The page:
This is a shrub or small tree up to 30' tall, although it is usually
less than 15' tall. Shrubs with multiple slender trunks are common,
although sometimes it becomes a tree with a single short trunk up to 8"
branches are often irregular and crooked, forming an open crown in
areas that receive less light, while in full sunlight a dense ovoid
crown may develop. On a large mature trunk, the bark is slightly
scaly, warty, and gray; it may have reddish brown furrows that are
shallow and narrow. The bark of branches and twigs is gray and
smooth, while twigs are gray or brown, glabrous or short-pubescent, and
covered with scattered white lenticels. Young shoots are
light green, terete, and glabrous or short-pubescent. Pairs of opposite
leaves occur along the twigs and young shoots. These leaves are 3-6"
long, 1-3" across, and deciduous; they are elliptic to ovate in
shape with margins that are entire (toothless) and revolute (folded
downward and inward).
The leaf bases are wedge-shaped, while their tips are acute. The upper
leaf surface is yellowish green to
medium green and glabrous, while the lower leaf surface is pale green
and either glabrous or short-pubescent. Leaf venation is pinnate. The
petioles are light green or reddish purple, glabrous or
short-pubescent, and up to ½" long. Drooping panicles of flowers up to
long 6" across are produced from the axils of last year's leaves. Each
a tripartite branching structure that terminates in either multiple
solitary flowers or multiple clusters
of 2-3 flowers (usually the latter). The peduncle, intermediate stems,
and pedicels of each
panicle are light green to reddish purple and slender; sometimes pairs
of small leafy
bracts develop at the bases of divergent stems. Each flower is about 1"
long, consisting of a white corolla with 4 lobes and a light green
calyx with 4 teeth. The divergent lobes of the corolla are linear in
shape and quite long; they are usually somewhat curved or twisted. In
contrast, the calyx is very short (about 3 mm. or 1/8" in length).
American Fringetree is usually dioecious, producing either all male
flowers or all female flowers on the same shrub or tree, but not both.
However, sometimes perfect flowers are produced. Male flowers have 2
short stamens, while female flowers have a small superior ovary with a
single style. The
blooming period occurs during late spring, lasting about 2 weeks. The
flowers have an attractive fragrance. Afterwards, fertile female or
perfect flowers are replaced by drupes that become mature during late
summer. Mature drupes are ½–¾" long, ovoid in shape, and blue to nearly
each drupe contains a thin layer of flesh that surrounds a large stone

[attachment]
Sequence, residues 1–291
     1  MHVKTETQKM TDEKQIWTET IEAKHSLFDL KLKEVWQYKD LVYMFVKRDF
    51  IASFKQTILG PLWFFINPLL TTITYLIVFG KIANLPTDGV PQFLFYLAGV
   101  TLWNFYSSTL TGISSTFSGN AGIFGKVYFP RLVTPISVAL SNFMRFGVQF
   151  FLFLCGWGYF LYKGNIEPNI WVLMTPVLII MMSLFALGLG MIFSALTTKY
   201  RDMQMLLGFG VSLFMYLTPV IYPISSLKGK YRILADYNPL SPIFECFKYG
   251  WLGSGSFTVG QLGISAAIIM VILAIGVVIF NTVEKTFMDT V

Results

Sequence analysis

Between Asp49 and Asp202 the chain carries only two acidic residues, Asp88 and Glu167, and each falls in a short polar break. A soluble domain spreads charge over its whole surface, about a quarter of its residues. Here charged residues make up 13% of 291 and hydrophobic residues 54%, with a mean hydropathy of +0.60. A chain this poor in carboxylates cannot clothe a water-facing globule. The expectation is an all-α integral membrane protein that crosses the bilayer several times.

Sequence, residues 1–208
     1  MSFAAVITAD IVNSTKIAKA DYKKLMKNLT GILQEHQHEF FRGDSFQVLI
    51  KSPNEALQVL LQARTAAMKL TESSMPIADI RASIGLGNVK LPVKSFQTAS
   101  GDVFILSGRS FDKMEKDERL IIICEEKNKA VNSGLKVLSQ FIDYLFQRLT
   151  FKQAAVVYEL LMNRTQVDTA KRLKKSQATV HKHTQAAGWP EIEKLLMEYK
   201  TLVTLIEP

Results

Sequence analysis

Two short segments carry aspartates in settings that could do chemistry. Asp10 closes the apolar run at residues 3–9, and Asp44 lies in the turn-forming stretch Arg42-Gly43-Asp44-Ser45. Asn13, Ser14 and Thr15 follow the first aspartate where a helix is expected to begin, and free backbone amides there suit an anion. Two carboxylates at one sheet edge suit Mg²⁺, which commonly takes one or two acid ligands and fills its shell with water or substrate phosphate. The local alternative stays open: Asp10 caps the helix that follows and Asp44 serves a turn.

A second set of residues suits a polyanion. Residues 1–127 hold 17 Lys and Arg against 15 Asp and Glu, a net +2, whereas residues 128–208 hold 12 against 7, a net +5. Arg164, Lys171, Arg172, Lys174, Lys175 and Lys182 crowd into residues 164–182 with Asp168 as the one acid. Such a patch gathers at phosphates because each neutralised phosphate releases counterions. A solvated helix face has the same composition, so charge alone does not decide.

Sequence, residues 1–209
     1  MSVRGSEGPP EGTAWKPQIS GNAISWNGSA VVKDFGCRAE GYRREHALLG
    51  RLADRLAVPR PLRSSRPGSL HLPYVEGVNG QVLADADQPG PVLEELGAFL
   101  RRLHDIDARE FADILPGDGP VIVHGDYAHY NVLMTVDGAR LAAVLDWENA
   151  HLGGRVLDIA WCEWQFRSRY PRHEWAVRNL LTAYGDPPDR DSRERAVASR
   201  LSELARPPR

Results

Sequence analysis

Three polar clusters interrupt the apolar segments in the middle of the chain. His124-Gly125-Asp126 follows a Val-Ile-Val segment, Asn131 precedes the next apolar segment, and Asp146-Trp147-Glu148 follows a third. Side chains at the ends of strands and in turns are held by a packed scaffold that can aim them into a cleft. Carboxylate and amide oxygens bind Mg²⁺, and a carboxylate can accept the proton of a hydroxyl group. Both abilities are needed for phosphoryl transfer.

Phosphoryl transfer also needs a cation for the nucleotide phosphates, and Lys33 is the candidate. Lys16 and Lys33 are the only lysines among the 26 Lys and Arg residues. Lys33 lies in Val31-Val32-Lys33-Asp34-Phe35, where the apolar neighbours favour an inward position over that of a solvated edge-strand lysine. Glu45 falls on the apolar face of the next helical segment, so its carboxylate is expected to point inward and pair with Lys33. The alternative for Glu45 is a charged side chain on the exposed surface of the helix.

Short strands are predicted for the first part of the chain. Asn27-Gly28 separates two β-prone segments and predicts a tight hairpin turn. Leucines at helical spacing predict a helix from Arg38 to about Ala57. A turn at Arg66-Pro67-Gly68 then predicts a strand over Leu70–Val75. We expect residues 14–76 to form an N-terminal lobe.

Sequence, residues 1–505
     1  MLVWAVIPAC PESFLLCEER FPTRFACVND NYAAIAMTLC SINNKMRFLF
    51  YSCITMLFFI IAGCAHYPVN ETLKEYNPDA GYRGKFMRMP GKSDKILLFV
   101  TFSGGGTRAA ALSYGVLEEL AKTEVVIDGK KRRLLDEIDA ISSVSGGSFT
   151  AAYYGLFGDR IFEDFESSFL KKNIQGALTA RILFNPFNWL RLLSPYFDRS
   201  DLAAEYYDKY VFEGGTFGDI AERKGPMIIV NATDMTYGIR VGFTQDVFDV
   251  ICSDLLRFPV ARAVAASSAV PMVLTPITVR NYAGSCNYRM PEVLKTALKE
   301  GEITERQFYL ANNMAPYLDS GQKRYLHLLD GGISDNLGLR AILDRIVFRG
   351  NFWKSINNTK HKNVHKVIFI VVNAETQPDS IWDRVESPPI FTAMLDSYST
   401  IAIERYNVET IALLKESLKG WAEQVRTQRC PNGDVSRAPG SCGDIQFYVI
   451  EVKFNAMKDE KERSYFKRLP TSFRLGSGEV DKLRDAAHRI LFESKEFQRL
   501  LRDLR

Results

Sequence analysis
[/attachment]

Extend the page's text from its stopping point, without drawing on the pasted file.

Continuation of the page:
(hardened seed). The root system is woody, relatively shallow,
and branching. This woody plant reproduces by reseeding itself.
The preference is full sun to light shade, moist to dry-mesic
conditions, and deep loam to thin rocky soil. This woody plant is able
to adjust to climates that lie north of
its natural range (at least to Zone 5). It is probably best cultivated
in areas that receive some protection from prevailing winds.
American Fringetree has naturalized in
DuPage County as
an escape from cultivation, otherwise it is not known to occur as a
wild plant in Illinois (see Distribution
). This woody plant is
native to SE United States, including small areas of Kentucky and
Missouri; Illinois lies north of its natural range.
Outside of Illinois, habitats include upland woodlands and rocky
bluffs, glades and ledges, river outcrop prairies, and wooded areas
along streams. American Fringetree is often cultivated as an ornamental
The pollinators of the
flowers are widely reported to be bees, although little additional
information is currently available. Steury et al. (2009) reported a
cuckoo bee (Nomada
) as a visitor to the flowers. American
Fringetree is a host plant of several insect species. Polyphagous
armored scales, including Forbes Scale (Diaspidiotus forbesi
English Walnut Scale
), and White Peach Scale (Pseudaulacaspis
), attach themselves to the bark, where
they feed (ScaleNet, accessed 2014). The larvae of several moths feed
on the leaves (Covell, 1984/2005), including the Fringetree Sallow (Sympistis chionanthi
Fall Webworm (Hyphantria
), Waved Sphinx (Ceratomia
), Rustic Sphinx (Manduca rustica
and Fawn Sphinx (Sphinx
). Among vertebrate animals, the fruits of this
woody plant are eaten by such birds as the Northern Cardinal, Eastern
Bluebird, Brown Thrasher, Northern Mockingbird, Blue Jay, Pileated
Woodpecker, and Wild Turkey, while White-tailed Deer browse on both the
foliage and fruits. The stones (hardened seeds) of the fruits are
sometimes eaten by small rodents.
On the campus of the University of Illinois in
American Fringetree has attractive flowers, fruits, and
leaves. In particular, the flowers have a very distinctive appearance.
A similar species, Chinese Fringetree (Chionanthus retusus
often cultivated. This latter species has wider leaves with either
rounded or cordate
bases and the corolla lobes of its flowers are somewhat shorter than
those of American Fringetree. There are no records of Chinese
Fringetree escaping from cultivation in Illinois, however. Another
species that is endemic to Florida, Pygmy Fringetree (Chionanthus
), is similar in appearance to American
Fringetree, but it is
smaller in size.